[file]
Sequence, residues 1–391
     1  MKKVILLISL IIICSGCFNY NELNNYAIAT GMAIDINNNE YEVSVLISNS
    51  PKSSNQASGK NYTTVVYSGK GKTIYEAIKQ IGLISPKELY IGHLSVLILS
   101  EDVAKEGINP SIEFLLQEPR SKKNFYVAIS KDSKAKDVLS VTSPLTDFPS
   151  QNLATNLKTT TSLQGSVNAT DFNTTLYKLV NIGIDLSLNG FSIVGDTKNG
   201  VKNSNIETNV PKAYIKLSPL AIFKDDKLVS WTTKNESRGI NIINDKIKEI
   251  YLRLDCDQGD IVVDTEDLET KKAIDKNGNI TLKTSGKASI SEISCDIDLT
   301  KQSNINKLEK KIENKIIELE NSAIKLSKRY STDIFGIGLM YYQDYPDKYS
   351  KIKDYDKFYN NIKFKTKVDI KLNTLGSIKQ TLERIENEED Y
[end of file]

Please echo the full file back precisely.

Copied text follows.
Sequence, residues 1–391
     1  MKKVILLISL IIICSGCFNY NELNNYAIAT GMAIDINNNE YEVSVLISNS
    51  PKSSNQASGK NYTTVVYSGK GKTIYEAIKQ IGLISPKELY IGHLSVLILS
   101  EDVAKEGINP SIEFLLQEPR SKKNFYVAIS KDSKAKDVLS VTSPLTDFPS
   151  QNLATNLKTT TSLQGSVNAT DFNTTLYKLV NIGIDLSLNG FSIVGDTKNG
   201  VKNSNIETNV PKAYIKLSPL AIFKDDKLVS WTTKNESRGI NIINDKIKEI
   251  YLRLDCDQGD IVVDTEDLET KKAIDKNGNI TLKTSGKASI SEISCDIDLT
   301  KQSNINKLEK KIENKIIELE NSAIKLSKRY STDIFGIGLM YYQDYPDKYS
   351  KIKDYDKFYN NIKFKTKVDI KLNTLGSIKQ TLERIENEED Y